January 5, 2020-So, you want to be a best-selling author…well, start acting like it. What do I mean? I mean start acting like a best-selling author would! How would you dress? What is your routine? Persona? Work habits? Are you confident? What does your self-discipline look like? What is your social media like? How do you interact with readers? What continuing education do you have? Are you continuing to hone your craft?
We can never become what we set out to be without first becoming that way in our minds. Mindset comes first which will lead to inspired action, which leads to putting in the work, which leads to eventual success if you repeat this process over and over for years. Success is never overnight and success rarely happens to those who have a negative inner voice. We all have an inner critic, but it’s what we do about it that makes a difference. Don’t listen to the voice in your head that tells you lies! You can be, do, and have anything you want if you’re willing to do what it takes to get there. Let’s look at some of my favourite, best-selling authors and see what they’ve done to accomplish this feat:
- Stephen King-Key trait: Discipline. According to reports, the King writes 10 pages EVERY SINGLE DAY, Christmas included. His manuscript for Carrie was rejected 30 times, but he kept writing. King rarely misses a day of writing and has written MORE than THIRTY (30) best-sellers and is considered one of the most influential writers of the past four decades.
- Louisa May Alcott-Key trait: Tenacity. ‘Stick to your teaching, Miss Alcott. You can’t write.’ Those were the words of one publisher who passed over the manuscript for Little Women. Thankfully, she ignored his advice and the book went on to be well received with one reviewer stating it was ‘the very best of books to reach the hearts of the young of any age from six to sixty’. It is still a classic 150 years later and a number 1 best seller.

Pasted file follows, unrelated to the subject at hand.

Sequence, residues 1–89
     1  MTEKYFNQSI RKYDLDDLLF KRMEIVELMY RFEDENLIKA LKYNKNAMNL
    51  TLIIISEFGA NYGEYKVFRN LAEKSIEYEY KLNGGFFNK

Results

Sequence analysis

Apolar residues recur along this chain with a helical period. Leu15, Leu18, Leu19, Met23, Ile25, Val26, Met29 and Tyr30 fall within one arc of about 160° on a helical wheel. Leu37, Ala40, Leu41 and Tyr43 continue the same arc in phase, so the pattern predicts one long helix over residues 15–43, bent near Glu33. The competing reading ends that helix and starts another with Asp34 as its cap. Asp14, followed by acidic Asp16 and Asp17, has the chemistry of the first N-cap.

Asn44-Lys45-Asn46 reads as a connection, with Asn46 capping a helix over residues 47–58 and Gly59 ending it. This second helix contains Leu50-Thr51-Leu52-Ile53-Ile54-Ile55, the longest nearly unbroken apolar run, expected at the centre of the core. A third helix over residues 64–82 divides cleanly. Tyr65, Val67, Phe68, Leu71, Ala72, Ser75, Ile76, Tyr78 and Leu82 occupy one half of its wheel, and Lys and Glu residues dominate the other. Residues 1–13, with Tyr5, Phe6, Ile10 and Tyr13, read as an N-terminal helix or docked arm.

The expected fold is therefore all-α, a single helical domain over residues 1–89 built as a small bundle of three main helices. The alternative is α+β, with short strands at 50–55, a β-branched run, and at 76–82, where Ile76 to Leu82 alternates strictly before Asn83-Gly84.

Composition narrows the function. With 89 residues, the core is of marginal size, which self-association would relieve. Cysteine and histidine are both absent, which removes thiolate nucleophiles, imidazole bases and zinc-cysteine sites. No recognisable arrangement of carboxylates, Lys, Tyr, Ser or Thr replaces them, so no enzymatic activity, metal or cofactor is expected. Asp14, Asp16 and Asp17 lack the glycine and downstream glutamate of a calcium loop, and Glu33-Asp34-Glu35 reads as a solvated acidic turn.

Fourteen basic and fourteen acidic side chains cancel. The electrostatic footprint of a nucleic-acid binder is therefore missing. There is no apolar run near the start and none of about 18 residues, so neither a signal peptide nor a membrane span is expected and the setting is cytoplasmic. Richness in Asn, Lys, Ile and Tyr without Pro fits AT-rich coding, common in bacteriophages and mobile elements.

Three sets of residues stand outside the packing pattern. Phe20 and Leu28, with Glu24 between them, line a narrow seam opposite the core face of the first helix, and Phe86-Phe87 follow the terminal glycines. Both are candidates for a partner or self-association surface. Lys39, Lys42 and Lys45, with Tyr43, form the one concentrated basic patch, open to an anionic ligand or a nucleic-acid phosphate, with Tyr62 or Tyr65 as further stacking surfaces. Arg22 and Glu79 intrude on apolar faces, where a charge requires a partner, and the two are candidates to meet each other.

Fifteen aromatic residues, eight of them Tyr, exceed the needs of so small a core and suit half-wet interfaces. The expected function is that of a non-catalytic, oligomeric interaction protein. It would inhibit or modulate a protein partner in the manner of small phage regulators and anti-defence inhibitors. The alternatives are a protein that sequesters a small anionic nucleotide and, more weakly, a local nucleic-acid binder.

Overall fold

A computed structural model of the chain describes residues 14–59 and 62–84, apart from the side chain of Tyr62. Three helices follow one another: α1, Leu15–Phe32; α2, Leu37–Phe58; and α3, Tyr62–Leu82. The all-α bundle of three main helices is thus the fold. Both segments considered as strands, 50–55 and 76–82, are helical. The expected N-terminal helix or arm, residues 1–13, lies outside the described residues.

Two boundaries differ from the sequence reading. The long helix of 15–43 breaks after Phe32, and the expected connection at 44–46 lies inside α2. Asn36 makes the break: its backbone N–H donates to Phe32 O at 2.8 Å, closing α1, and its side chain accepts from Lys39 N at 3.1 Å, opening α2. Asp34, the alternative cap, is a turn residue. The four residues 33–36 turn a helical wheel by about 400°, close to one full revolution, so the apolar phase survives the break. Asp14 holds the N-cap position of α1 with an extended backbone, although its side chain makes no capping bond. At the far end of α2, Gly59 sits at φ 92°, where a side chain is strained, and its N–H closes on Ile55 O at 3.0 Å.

- Beatrix Potter-Key trait: Self-Belief. Initially, she attempted to go the traditional route and sent the book to six publishers, each of whom rejected it because Potter was insistent that the book be small enough for a child to hold while the publishers wanted something bigger (so that they could charge more money for it). It wasn’t a compromise that Beatrix was willing to make, so she took the matter into her own hands. On December 16, 1901, a 35-year-old Potter used her personal savings to privately print 250 copies of The Tale of Peter Rabbit. The book turned out to be a hit—so much so that, within a year, one of the publishers that had originally rejected the book, signed on to get into the Peter Rabbit business. In October 1902, they published their own version of The Tale of Peter Rabbit, complete with Potter’s illustrations, and by Christmas, it had sold 20,000 copies. It has since been translated into nearly 40 different languages and sold more than 45 million copies.
The list goes on and on, but the main thing that all best-selling authors have in common is the belief in themselves and in their work. Keep going, never give up, and get your mind right! If you’d like to join our Best-Seller Bootcamp, click here for more info: Best-Seller Bootcamp January 4th-31st – Pandamonium Publishing House